And yes, Virginia, they really chased pigs at fairs back in the day (and still do every summer at fairs all over the United States). The largest of these exhibitions was the one held in London – the Bartholomew Fair. It began by charter of King Henry I when he allowed the Prior of Smithfield to hold a market in September near St. Bartholomew hospital. It grew in popularity each year, eventually lengthening to fourteen days, and was the event to see exotic animals, wrestlers and strong men, acrobats, puppetry, musicians and dancers, and to buy all manner of food, drink, and textiles.

By the early 1800s, the fair had shortened to just four days in length, and authorities railed against the lewd behavior, bawdy entertainments, drunkenness, and general atmosphere of exhibitionism that accompanied the fair. Regency visitors would have witnessed all manner of shocking spectacles, including a full-blown pig running. But it was the theatrical performances that especially vexed the strait-laced; they were prohibited from the Fair in the early 1840s. By 1852, no shows were enacted and in 1855, the charter expired.

Bartholomew Fair by Thomas Rowlandson, published in Rudolph Ackermann's Microcosm of London, 1808-10, British Library.

Bartholomew Fair by Thomas Rowlandson, published in Rudolph Ackermann’s Microcosm of London, 1808-10, British Library.

I’ve blogged about the fair before here, and author Susana Ellis offers up a fine examination of it in her Romance of London Series: Bartholomew Fair. But I did find something new in my pokings and proddings of the internet. London Metropolitan Archives Artist in Residence Nick Field discusses the famous print of the fair as part of the LMA’s Streetlife London series. It’s broken into two parts, each less than five minutes. It’s a fascinating analysis of both the artwork and its subject.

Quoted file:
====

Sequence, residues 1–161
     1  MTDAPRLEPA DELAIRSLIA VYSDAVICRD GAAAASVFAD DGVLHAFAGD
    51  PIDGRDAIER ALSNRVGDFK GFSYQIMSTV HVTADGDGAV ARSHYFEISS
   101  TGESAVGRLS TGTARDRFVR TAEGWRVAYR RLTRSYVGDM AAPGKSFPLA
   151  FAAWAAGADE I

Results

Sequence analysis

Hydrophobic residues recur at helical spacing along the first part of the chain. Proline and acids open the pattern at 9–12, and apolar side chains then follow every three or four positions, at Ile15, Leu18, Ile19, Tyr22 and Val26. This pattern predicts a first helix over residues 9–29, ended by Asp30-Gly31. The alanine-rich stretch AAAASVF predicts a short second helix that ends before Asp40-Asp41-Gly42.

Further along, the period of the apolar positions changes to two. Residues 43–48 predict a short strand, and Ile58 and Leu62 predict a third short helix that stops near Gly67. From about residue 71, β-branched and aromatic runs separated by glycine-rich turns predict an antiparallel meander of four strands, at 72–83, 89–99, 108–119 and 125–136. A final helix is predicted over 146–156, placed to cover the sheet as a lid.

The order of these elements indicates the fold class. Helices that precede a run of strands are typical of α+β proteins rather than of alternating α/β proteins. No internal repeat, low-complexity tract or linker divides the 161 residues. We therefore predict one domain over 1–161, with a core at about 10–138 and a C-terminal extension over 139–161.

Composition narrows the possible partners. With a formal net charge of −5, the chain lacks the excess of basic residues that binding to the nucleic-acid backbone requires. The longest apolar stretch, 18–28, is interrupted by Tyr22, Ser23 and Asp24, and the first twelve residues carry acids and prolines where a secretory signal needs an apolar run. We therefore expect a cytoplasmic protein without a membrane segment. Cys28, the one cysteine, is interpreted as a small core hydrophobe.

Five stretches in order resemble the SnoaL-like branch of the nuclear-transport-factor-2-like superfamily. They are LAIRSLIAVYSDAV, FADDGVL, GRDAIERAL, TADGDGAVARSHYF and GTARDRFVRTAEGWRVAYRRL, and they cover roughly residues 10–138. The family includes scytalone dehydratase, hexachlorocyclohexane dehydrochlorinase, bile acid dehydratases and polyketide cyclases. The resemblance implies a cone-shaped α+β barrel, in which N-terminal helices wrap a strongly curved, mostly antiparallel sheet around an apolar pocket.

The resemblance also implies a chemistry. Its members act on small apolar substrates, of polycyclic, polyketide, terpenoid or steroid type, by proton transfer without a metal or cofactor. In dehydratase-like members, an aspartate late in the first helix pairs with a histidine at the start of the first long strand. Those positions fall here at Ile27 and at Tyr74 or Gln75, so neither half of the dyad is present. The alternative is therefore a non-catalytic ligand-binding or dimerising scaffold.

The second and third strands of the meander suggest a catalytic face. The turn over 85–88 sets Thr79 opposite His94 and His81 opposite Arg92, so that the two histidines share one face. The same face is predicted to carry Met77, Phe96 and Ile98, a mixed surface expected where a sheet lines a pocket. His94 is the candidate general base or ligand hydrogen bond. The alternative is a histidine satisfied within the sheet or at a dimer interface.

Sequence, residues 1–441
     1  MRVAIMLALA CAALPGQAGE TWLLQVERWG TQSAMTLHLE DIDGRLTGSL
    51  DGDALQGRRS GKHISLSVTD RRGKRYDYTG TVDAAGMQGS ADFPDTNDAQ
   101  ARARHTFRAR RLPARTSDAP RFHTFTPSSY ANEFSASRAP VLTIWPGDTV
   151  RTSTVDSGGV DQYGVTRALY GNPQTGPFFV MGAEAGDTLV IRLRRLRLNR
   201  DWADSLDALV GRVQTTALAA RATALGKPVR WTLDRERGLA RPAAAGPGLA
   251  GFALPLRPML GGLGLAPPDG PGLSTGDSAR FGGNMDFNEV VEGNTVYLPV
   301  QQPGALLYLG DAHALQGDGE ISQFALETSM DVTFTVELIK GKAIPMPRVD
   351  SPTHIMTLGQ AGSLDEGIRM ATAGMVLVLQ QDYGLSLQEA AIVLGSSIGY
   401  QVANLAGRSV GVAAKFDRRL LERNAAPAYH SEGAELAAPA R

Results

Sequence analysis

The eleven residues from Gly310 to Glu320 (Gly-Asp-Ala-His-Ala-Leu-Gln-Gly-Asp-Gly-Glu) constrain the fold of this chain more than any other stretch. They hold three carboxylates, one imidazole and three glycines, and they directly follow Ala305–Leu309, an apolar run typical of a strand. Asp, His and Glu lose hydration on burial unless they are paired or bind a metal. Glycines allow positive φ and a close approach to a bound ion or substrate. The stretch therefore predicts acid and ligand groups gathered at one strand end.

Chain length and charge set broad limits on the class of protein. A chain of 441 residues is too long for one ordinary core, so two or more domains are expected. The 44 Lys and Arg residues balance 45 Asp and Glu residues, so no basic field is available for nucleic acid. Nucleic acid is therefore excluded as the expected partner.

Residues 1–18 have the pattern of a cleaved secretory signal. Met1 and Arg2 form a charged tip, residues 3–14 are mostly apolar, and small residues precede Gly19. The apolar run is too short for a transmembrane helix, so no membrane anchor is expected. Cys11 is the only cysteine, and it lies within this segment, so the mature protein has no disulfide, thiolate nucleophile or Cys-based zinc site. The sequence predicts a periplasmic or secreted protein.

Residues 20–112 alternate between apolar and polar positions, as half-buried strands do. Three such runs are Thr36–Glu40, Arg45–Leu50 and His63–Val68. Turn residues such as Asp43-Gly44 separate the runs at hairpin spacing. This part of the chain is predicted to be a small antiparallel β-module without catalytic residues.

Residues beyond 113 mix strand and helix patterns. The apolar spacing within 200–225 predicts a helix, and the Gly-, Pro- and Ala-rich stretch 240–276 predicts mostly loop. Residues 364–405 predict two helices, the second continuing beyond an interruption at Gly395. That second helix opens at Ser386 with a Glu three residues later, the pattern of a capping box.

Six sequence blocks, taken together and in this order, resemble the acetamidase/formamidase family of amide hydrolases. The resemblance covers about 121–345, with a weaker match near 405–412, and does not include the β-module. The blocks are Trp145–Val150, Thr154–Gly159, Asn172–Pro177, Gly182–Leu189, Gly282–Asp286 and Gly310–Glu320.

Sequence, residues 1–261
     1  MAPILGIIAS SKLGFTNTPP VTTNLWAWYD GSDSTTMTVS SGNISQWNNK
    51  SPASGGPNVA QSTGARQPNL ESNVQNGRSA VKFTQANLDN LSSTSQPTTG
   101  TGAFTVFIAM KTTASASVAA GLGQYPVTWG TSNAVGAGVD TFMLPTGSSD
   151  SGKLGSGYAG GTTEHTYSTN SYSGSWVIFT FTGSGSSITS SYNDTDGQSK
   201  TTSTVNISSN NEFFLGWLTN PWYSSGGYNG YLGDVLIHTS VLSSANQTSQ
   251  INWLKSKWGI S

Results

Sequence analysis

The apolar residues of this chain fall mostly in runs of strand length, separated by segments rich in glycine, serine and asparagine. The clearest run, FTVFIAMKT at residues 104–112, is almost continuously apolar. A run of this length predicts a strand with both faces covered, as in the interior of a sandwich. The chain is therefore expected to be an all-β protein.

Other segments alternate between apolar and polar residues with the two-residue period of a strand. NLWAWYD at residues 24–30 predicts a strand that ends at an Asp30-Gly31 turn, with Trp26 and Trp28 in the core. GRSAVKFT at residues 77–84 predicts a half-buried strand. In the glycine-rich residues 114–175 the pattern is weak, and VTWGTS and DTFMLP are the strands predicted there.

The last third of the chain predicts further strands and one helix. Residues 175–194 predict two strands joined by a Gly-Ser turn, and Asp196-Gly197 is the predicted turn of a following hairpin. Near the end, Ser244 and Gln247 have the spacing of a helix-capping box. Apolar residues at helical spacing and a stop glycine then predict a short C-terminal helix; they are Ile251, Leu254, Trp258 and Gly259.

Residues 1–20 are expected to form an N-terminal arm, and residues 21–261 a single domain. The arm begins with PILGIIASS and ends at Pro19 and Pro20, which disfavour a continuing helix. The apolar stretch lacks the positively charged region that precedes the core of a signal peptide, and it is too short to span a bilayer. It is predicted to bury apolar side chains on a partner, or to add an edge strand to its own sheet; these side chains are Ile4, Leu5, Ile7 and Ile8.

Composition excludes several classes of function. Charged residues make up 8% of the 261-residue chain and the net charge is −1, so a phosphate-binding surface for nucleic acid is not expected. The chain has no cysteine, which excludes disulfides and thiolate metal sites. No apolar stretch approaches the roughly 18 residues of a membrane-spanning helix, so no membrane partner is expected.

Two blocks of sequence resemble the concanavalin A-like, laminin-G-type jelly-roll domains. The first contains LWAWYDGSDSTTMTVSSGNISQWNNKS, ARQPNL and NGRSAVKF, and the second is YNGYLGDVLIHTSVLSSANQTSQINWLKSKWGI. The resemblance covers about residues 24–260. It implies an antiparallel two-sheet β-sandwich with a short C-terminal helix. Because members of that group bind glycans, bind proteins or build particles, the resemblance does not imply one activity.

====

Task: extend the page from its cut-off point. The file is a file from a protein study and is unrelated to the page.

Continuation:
WOW ~ Word of the Week ~ Cokes

WOW ~ Word of the Week ~ Cokes

COKES (noun)

The fool in the play of Bartholomew Fair. Perhaps a contraction of the word COXCOMB.

A Pretty Conceit, and worth the finding! I ha’ such luck to spin out these fine things still, and like a Silk-worm, out of my self. Here’s Master Bartholomew Cokes, of Harrow o’ th’ Hill, i’ th’ County of Middlesex, Esquire, takes forth his Licence to marry Mistress Grace Well-born, of the said Place and County: And when do’s he take it forth? to day! the Four and Twentieth of August! Bartholmew-day! Bartholmew upon Bartholmew! there’s the Device! who would have mark’d such a Leap-Frog Chance now? ~Bartholomew Fair, Ben Jonson, Act 1, Scene 1.

The fool part I get. But what is a “Bartholomew Fair?”

It was one of the first Charter fairs – those street celebrations established by Royal Decree. King Henry I granted the land of West Smithfield in London to his former jester and courtier Rahère who, after falling violently ill, had repudiated his sins and made a pilgrimage to Rome, pledging to found a hospital and church for poor men should his health improve. Upon his return to England as a healthy and newly-ordained priest, Rahère established the Priory of the Hospital of St. Bartholomew in 1123, and its resultant fair in 1133.

Rahère, Bouffon de Henry I et de la Reine Matilda (Rahèrem herald to King Henry I), debut 1100, artist unknown.

Rahère, Bouffon de Henry I et de la Reine Matilda (Rahèrem herald to King Henry I), debut 1100, artist unknown.

The original Charter stipulated a three-day event, but by the 17th century it had stretched to a full two weeks; the end of that century saw the time span again altered, shortened to four days. The Fair commenced on August 24th until 1753, when the calendar was changed and the start date moved to September 3.